Chagas disease is an anthropozoonosis caused by the protozoan
parasite Trypanosoma cruzi that represents a major
public health problem throughout Latin America. The Hamer lab
studies Chagas disease in the United States, but with help from the
CVM travel grant I was able to explore the ecology of T.
cruzi in an endemic environment, in Campo Grande Brazil.
T. cruzi demonstrates extreme biological
plasticity. It can infect a wide range of mammalian hosts and is
genetically diverse being characterized by seven genotypes. In the
US, we find two strain types, while in Brazil they have all
seven. The goal of this project was to explore the genetic
diversity of T. cruzi in wildlife along the
urban-sylvatic interface. While ample research has been devoted to
transmission and control of T. cruzi in a domestic or
peridomestic environment, many questions remain regarding T.
cruzi ecology and transmission along the sylvatic-urban
environments. To better understand the sylvatic cycle we sampled
wildlife in peridomestic environments and propagated T.
cruzi from host blood in pure culture to ascertain the
genetic strain type. T. cruzi plasticity within
the sylvatic transmission cycle threatens progress towards Chagas
disease elimination as spillover from wildlife reservoirs and oral
transmission can limit the effectiveness of conventional vector
control methods. Our research aimed to provide an ecological
basis for disease transmission, which is a necessary prerequisite
for developing effective intervention strategies.
For the first three weeks of my project I worked in the city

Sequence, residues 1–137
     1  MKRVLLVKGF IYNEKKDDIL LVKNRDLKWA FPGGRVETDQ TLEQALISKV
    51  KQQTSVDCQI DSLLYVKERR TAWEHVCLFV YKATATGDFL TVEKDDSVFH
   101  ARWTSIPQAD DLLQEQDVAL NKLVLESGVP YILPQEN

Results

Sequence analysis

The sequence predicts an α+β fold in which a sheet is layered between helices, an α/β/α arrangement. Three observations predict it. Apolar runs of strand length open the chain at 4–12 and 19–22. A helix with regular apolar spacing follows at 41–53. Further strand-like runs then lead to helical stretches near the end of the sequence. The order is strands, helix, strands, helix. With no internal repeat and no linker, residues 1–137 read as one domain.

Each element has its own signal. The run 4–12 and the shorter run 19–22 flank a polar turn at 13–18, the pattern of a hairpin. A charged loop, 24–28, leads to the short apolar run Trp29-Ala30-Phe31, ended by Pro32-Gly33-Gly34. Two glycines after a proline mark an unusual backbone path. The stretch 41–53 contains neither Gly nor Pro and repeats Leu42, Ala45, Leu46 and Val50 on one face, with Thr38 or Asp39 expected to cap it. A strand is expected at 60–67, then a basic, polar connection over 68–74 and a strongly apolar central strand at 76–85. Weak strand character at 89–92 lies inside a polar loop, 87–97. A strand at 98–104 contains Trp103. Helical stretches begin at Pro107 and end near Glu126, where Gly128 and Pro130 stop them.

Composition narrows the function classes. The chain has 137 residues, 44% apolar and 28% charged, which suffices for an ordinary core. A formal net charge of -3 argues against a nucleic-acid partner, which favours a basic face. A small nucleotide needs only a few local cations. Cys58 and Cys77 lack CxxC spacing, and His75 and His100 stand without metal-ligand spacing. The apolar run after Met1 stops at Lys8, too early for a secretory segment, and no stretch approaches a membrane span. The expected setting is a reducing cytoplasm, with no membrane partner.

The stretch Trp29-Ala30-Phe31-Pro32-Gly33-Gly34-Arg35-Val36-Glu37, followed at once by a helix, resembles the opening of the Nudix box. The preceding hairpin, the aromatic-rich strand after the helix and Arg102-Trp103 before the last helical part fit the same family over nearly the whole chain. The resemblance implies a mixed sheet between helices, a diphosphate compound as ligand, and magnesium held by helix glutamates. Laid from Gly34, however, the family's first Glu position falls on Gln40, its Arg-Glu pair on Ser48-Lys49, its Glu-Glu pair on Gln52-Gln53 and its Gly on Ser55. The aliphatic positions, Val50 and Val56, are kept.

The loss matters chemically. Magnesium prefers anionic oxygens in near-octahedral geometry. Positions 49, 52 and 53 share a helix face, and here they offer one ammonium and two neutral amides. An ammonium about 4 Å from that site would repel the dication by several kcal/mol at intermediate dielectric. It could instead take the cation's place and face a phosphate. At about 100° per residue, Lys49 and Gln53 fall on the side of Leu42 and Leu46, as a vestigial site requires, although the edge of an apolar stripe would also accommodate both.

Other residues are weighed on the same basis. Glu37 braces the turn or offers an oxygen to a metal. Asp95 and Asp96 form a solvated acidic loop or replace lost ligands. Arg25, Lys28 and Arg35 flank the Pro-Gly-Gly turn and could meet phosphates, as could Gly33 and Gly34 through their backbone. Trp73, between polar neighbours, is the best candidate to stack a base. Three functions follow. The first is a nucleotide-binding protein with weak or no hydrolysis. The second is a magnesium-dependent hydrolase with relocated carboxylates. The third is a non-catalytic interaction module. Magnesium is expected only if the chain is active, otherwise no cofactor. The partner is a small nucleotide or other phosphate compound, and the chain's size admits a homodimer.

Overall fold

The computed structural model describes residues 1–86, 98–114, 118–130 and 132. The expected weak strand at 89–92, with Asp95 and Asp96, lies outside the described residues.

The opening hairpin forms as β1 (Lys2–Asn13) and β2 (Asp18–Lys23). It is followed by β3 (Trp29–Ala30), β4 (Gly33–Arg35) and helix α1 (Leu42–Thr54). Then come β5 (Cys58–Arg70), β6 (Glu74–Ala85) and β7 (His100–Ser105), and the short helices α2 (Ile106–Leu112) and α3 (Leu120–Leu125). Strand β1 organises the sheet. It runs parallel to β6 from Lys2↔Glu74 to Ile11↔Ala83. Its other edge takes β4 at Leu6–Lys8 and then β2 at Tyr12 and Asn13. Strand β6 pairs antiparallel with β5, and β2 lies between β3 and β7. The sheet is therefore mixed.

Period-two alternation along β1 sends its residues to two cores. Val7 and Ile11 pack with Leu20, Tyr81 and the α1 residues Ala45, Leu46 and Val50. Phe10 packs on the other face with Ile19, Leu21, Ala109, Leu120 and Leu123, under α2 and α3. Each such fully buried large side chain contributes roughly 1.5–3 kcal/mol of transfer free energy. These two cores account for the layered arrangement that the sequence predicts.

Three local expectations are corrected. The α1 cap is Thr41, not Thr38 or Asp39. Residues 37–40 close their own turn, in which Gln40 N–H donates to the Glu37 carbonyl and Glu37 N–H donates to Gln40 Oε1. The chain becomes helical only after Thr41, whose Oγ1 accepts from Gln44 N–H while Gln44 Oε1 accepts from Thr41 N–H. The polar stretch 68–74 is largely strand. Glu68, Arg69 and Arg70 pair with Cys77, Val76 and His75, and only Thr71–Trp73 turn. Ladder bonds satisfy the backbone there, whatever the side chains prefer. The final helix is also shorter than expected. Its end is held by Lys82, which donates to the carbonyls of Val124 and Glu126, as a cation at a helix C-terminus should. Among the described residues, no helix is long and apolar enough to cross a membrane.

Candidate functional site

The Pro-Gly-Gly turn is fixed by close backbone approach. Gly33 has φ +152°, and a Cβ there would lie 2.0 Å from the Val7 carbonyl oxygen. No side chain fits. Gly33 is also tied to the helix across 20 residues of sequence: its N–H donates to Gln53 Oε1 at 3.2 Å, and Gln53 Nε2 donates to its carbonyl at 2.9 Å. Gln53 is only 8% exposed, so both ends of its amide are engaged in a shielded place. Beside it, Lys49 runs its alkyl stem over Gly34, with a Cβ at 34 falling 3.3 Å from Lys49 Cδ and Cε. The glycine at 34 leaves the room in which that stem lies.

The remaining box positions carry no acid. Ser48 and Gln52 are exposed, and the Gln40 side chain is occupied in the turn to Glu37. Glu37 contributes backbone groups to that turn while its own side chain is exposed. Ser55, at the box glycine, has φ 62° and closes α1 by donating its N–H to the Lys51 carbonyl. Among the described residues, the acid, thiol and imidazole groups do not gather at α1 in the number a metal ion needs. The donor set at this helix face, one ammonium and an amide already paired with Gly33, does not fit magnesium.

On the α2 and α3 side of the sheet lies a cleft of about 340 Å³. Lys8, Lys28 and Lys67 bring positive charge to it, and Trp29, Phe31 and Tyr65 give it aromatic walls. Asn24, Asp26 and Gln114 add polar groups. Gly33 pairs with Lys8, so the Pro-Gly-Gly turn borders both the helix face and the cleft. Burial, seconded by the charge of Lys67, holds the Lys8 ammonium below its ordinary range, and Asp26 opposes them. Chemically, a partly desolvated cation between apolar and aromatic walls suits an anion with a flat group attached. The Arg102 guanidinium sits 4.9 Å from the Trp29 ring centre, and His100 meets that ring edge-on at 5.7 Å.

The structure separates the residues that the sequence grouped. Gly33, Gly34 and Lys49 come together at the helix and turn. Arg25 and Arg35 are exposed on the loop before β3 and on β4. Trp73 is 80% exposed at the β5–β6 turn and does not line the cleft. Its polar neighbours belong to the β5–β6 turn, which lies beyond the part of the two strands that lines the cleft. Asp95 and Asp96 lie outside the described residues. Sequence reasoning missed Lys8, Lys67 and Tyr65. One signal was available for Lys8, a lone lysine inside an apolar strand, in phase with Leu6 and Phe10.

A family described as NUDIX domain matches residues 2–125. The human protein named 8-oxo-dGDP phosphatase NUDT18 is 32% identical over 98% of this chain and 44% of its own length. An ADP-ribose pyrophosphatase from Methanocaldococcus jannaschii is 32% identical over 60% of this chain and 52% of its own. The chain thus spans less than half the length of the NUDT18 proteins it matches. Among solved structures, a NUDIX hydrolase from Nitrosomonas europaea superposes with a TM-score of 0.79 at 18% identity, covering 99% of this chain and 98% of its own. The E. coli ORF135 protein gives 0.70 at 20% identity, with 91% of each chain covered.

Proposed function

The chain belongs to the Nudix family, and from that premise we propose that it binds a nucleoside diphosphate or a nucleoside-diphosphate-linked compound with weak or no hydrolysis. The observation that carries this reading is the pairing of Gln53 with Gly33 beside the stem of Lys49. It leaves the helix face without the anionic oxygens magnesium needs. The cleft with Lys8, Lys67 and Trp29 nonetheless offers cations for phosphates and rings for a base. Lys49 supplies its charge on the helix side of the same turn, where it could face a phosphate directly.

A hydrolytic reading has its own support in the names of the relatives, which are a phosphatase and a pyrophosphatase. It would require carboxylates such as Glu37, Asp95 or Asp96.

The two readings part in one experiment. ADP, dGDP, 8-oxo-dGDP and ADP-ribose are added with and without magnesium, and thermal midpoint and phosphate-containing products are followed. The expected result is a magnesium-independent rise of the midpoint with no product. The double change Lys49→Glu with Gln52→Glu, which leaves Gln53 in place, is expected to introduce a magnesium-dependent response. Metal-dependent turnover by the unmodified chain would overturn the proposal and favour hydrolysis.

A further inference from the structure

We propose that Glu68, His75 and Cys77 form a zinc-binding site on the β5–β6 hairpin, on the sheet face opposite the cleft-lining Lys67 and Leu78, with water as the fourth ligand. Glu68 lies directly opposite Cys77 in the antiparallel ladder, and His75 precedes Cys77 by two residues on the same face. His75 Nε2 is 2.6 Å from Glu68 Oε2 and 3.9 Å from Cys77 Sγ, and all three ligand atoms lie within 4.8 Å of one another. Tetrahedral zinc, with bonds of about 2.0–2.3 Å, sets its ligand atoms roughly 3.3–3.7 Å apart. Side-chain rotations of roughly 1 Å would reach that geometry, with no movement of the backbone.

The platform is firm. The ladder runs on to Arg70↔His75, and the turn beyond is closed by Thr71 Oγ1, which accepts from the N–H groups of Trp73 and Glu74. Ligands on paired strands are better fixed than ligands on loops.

Campo Grande, which is a biologically diverse area with a wide
diversity of wildlife species. Here we set up traps in city
parks and along urban-sylvatic interfaces. Small mammals were
captured by setting up linear transacts with defined capture points
using baited Sherman and
Tomahawk live traps. Trapped animals were either euthanized for
blood sample collection by cardiac puncture for parasitological and
serological analyses, or the animal was anesthetized and skin and
blood samples were taken. We mostly caught opossums and some small
rodents, opossums are a known reservoir for T. cruzi
in Brazil. We did also sample a marmoset to see if it
was T. cruzi positive (it was not).
Additionally, we set up mist nets in the evening to capture bats.
Two bats of each species were euthanized for blood and tissue
collection, all other bats were tagged and released.
For my remaining time in Brazil, I analyzed the samples at
FioCruz in Rio de Janeiro. FioCruz is a well-known public health
organization that is at the forefront of Chagas disease
research. I worked under the guidance of Dr. Jansen, the head
of the trypanosomatids biology laboratory. Here I
examined and tested the samples collected in the field. To
test for the T. cruzi parasite, fresh blood samples
were examined to visualize flagellates and hemoculture was
performed. Hemoculture will be
performed by inoculating blood into tubes with media and visually
examined weekly for three (for seronegative animals) to six weeks
(for seropositive animals). Samples were also tested by
Indirect Immunofluorescent Antibody Test (IFAT) and ELISA to detect
anti-T. cruzi IgG antibodies. While not
directly a part of my research there, I got to see their kissing
bug colony, which as established over 50 years ago from kissing
bugs throughout South and North America. We established a
kissing bug colony at TAMU two years ago, but it was wonderful to
see the diversity of species that they had at FioCruz and to see
how they housed and cared for their bugs-all information that will
be informative for our TAMU colony.
Working in the Chagas disease system in an endemic environment
was both enlightening and rewarding (finding a T.cruzi
positive animal is more common in Brazil than in our Texas
environment). It was also wonderful to work on part of a project
that is a part of such a large and established research
facility. Chagas research is relatively new in the US, where
our first human case was documented in 1950s and the first canine
case the 1970s, whereas Carolos Chagas, a Brazilian physician at
FioCruz, first discovered Chagas disease in 1909. Therefor it
was educational and inspirational to be in this environment.